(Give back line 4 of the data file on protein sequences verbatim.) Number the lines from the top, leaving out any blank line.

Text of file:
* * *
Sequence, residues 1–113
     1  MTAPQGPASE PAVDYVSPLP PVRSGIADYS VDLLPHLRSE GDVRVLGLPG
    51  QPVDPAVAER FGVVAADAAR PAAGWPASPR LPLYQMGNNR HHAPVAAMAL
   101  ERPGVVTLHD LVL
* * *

   101  ERPGVVTLHD LVL